(I chose SNEAKING GUESTS.  I considered SNUCK IN GUESTS, but even though it sounded funny, the word choice could create confusion.  Also considered SNEAKY GUESTS, but made the decision that SNEAKING had more of an action quality than the adjective SNEAKY.  The action word would paint a funnier picture.  It was an arbitrary choice.  I was also using the rhythm of a sequence of three.)

A couple of unusual things happened tonight before the meeting started:
  – Scott sat down behind Jessica.  She turned around and gave him a kiss.  I’m so glad Scott didn’t sit down behind me.  But I know that next week, I’m sitting behind Jessica.
  – Also before the meeting, Gordon asked me if I wanted to go to a romantic movie.  I was confused.  But then I was relieved when I found out that all I needed to do was rub his ear.
(The lines for Scott resulted from asking questions which would lead me to punchlines.  What if Scott sat behind me?  How would this affect my behavior for  next week?
For Gordon, I decided to drop myself into his story.)

We’re proud to say that members of our club have had restroom training.  PowerHouse Pros members “Aim To Please.”
(Uses the double meaning of AIM.  Desire and Direct At Target.  It received a much bigger laugh than I expected.)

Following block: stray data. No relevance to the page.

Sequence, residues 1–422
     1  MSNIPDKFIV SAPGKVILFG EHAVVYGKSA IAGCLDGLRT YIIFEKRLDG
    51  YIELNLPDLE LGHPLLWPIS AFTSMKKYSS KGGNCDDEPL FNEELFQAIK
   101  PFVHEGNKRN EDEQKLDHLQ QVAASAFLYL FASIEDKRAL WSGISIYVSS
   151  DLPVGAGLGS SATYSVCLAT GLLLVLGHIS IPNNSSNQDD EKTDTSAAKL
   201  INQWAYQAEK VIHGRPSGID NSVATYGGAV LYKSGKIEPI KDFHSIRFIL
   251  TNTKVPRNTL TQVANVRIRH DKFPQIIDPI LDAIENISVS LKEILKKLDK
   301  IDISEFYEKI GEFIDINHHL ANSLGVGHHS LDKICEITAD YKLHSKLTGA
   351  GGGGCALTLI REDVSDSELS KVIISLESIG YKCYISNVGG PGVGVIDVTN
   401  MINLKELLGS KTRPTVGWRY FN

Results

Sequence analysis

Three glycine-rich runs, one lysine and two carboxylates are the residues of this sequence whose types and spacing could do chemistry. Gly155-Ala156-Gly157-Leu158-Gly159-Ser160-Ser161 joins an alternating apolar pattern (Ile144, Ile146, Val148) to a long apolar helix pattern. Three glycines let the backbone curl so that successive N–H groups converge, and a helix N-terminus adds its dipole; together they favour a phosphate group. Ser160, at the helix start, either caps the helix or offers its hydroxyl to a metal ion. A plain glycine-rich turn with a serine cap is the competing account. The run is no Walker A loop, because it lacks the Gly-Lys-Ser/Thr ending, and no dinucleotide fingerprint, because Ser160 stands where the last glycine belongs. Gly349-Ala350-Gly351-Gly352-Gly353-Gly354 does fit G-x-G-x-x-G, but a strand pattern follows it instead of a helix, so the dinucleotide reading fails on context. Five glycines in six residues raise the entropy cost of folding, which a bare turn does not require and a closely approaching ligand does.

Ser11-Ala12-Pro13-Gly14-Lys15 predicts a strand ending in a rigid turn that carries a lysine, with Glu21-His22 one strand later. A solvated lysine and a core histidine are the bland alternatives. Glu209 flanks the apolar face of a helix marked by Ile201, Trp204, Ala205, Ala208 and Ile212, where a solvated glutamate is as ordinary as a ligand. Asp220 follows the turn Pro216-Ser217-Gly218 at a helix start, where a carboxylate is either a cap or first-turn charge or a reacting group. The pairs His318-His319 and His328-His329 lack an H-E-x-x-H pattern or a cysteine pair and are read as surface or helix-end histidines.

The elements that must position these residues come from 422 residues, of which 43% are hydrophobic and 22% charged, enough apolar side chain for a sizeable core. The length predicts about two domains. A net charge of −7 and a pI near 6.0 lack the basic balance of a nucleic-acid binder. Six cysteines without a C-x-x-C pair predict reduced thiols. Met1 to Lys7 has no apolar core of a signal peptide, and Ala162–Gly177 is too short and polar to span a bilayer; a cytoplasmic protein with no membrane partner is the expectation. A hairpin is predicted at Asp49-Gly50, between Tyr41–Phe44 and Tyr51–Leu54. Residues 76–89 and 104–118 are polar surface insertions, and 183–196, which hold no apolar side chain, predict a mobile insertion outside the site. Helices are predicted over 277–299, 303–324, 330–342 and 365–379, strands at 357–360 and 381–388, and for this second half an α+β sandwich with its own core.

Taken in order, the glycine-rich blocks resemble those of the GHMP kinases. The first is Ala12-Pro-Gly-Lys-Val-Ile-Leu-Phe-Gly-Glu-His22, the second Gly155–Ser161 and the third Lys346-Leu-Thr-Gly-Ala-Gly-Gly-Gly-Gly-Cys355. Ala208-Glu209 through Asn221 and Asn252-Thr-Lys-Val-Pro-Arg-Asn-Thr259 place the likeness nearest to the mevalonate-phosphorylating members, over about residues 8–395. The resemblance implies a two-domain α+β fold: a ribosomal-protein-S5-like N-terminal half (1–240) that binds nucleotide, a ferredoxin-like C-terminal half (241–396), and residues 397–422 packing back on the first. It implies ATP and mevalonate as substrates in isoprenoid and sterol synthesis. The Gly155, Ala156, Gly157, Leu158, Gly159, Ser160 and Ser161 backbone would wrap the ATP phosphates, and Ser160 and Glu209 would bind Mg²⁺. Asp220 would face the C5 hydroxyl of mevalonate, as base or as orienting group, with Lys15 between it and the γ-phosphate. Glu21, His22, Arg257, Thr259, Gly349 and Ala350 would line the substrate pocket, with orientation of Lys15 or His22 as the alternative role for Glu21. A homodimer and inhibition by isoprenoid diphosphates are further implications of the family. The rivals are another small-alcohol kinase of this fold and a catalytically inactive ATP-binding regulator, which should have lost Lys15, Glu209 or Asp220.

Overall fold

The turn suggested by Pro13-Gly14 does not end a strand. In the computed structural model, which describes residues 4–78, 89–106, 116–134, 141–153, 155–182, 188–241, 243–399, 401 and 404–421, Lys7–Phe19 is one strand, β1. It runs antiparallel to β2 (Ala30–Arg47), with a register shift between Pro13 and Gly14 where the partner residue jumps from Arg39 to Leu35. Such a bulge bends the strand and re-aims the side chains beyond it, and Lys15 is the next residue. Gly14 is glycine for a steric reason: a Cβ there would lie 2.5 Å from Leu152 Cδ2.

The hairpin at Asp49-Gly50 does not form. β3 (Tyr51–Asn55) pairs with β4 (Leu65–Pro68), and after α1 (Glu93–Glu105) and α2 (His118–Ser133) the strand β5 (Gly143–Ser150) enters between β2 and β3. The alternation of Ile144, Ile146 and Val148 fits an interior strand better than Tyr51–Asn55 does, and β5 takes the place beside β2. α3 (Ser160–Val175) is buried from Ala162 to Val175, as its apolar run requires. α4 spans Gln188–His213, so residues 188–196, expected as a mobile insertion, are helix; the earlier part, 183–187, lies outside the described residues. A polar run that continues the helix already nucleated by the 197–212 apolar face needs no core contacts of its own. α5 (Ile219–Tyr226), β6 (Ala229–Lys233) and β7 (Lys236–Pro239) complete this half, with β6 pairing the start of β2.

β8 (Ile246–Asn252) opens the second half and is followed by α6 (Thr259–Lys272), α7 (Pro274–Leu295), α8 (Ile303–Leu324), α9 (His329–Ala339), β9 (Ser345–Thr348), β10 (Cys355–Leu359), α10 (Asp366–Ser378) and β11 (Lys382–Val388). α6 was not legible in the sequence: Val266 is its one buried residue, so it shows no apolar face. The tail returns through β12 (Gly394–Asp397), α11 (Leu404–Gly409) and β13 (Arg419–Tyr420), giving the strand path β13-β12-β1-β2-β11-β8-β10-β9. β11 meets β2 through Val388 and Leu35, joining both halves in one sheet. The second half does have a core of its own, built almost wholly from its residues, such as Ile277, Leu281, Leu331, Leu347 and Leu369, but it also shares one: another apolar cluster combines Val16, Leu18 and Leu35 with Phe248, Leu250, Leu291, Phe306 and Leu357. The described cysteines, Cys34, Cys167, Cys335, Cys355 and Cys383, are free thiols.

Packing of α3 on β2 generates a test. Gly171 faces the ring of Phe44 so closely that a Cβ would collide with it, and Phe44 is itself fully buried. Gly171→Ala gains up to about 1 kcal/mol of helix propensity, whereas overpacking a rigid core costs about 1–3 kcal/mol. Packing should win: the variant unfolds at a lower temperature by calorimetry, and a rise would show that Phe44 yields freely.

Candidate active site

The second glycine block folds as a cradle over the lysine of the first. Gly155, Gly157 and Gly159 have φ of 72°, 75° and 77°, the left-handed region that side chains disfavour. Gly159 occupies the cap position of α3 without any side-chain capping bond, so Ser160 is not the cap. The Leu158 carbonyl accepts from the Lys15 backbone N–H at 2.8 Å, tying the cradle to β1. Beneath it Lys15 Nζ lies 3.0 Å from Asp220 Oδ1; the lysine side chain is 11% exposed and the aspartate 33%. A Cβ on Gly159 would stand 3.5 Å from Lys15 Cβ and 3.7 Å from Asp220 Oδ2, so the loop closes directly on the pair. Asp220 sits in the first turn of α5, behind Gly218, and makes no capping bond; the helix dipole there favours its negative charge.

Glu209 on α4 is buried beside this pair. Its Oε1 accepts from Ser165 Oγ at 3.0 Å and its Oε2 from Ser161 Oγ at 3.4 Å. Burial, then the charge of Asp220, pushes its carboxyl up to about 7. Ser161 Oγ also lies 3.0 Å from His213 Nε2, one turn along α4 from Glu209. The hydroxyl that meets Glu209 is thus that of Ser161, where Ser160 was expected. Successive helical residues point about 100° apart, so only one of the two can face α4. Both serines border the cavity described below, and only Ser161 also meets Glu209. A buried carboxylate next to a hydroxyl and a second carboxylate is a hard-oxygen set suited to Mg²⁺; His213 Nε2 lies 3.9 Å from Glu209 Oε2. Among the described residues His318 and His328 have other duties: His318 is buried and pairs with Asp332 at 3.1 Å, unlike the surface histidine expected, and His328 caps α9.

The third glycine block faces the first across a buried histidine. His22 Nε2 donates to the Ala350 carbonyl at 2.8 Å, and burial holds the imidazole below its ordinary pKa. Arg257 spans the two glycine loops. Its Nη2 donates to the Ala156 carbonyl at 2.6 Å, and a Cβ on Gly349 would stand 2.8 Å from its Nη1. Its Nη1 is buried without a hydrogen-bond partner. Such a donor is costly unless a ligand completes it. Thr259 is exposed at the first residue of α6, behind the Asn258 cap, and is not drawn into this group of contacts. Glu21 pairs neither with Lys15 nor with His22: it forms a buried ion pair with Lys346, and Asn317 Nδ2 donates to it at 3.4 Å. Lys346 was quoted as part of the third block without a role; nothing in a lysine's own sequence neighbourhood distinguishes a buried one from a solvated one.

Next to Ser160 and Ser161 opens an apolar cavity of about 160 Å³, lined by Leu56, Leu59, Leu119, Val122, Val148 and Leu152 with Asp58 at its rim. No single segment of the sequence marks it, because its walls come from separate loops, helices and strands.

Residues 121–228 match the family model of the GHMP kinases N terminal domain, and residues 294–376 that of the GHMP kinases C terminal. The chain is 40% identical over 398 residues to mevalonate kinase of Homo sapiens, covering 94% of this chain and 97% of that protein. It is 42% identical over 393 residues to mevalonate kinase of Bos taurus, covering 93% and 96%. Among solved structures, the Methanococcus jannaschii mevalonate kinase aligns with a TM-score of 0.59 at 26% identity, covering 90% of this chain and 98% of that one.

Why did the chicken cross the road?  Because it was being chased by Scott.
(Used a cliche question to give me a set-up for an obvious punchline.)

Here’s an example of a back-handed compliment:  Dawn…you have things in common with a powerful woman that Greg doesn’t like!
(This was an observation which I found amusing, so I used it.  It received a good laugh.)

Now that I know what a Taxi Dancer is…when I’m ready to go home tonight, I’m calling a cab.
(A good closer because it referenced “going home,” or the end of the meeting.)

NOTE:  Occasionally, you’ll find that you’ve prepared a joke, and before you deliver it, two or three other people make jokes using the same set-up that you were relying on to make your joke work.  They don’t use your same jokes, they just over-work the set-up.  The result of this is that your joke runs the possibility of looking like an “old joke.”  Or your joke may appear to be too obvious or too easy.  When I’m in that situation, I’m inclined to not use the joke, even if I think it’s funny.  Scratching the joke is hard to do, because a good joke is not easy to come by.  Also, since it’s our joke, we easily fall in love with it and really want to use it.  My monologue, which is written out above, contains two jokes which I planned to use but did NOT include in the spoken presentation.  I included the lines in the printed monologue for you to see them, because they were good lines, but I did not actually use them in the spoken monologue because their impact would have been weakened by the references of speakers who went before me. The lines were:

  – Bill, don’t worry about your equipment malfunction.  Nobody wanted to see you flash.

  – But then I was relieved when I found out that all I was expected to do was rub his ear.

Other speakers didn’t use my exact jokes, but they used the same set-ups to create their own jokes.  I felt that the previous use of the set-ups would make my jokes look too easy, and made the decision to drop the lines.  It felt like it was the right thing to do.